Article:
Here we have another cautionary tale.
My friend, Micah Shilanski, from the great state of Alaska, shared with me a story that I’ve titled, “You’ll be a rich woman.”
Like me, Micah is a CERTIFIED FINANCIAL PLANNER™ practitioner. Micah is also an expert on the Federal Benefits System that government employees use. As you would imagine, the Federal Benefits System is complex.
Micah relayed a story to me about a widow who had come to see him for help after her spouse had passed away. Before he died, her husband had always told her that if he died before she did, “she would be a rich woman”. She assumed he had adequate life insurance when, in fact, he had very little. After he died, she found out that he only had $100,000 of life insurance. To him, that sounded like a lot of money. In their case, it was not close to being enough to keep her in a similar standard of living. To make matters worse, they had saved next to nothing for retirement.
She was in her early 50s when he passed away. Their joint income, which previously had them living comfortably, was now cut drastically, and as previously mentioned, retirement savings were severely underfunded. Micah and I both hate telling a widow that they do not have enough, and now they need to plan to work for probably much longer than regular retirement age. Unfortunately, it is a conversation we must have from time to time.
This same couple had made other critical mistakes in their planning (or lack thereof). The deceased spouse was a federal employee who had a Thrift Savings Plan or TSP—a government employee plan somewhat similar to 401(k).
After her husband passed away, but before seeing Micah, someone told her to transfer his TSP into her IRA. Because of IRA rules, we know well, this was a bad move. Until she reaches age 59½, she will no longer have penalty-free access to those funds.
Since her income had been reduced dramatically, this became a big problem. IRA planning wasn’t her only problem. She had a health insurance problem, too. Her husband was a federal employee, and she was working part-time in the private sector. She was not under his health insurance because one of her so-called “wise” co-workers said, “Why pay for Federal Employee Health Benefits (FEHB) when the private sector health insurance costs less per month?”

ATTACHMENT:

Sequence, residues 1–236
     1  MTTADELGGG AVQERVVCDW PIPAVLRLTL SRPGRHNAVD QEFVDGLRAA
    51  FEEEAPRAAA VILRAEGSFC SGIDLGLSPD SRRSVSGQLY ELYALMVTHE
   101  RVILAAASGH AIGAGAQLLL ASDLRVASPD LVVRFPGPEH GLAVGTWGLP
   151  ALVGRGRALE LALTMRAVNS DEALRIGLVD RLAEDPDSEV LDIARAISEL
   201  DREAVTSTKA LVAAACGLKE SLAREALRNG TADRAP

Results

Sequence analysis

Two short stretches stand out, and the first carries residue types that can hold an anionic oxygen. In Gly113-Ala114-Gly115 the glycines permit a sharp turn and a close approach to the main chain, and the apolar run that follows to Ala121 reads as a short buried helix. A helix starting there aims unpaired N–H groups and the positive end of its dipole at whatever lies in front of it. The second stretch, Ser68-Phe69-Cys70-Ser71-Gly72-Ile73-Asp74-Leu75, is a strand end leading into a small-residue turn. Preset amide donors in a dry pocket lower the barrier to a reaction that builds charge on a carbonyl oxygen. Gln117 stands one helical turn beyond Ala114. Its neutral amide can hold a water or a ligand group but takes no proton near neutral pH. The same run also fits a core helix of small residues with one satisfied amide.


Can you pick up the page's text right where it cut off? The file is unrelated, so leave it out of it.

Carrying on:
While her health insurance was cheaper per month, it stopped when she stopped working. With FEHB, if you meet specific requirements, you can keep FEHB even into retirement, which is one of the most valuable benefits that federal employees have. Because she didn’t understand how her husband’s benefits worked, she was not on his FEHB plan before he died and therefore lost out on an invaluable benefit.
Now, not only was she dealing with the incredible pain of the loss of her spouse, but she also had to downsize, go back to work full-time to make ends meet, and live with losing out on some of his best benefits that widowed spouses of a federal employee could have received.
These massive pain points could have been avoided if this couple had seen a competent professional.
Determining how much life insurance to buy is a simple task that any CERTIFIED FINANCIAL PLANNER™ practitioner can handle. However, knowing how to receive your deceased spouse’s IRA properly takes a little more advanced training. Knowing the ins and outs of the Federal Benefits System requires a specialist like Micah.
If you are a widow, a competent financial advisor is essential to help you navigate through these difficult times. While CPAs and attorneys are valuable advisors, they still need to be well-versed in the rules regarding IRAs. IRAs can be the black hole of estate planning. Just ask Charlotte Gee; the lack of good advice cost her a penalty of nearly $100,000.
IRAs are different from all other assets, and estate planning is different for IRAs.
Here are a few—among many—reasons:
- IRAs pass by contract law (generally not by will).
- Unlike other inherited assets, IRAs receive no step-up in basis.
- IRAs cannot be gifted or transferred during one’s lifetime.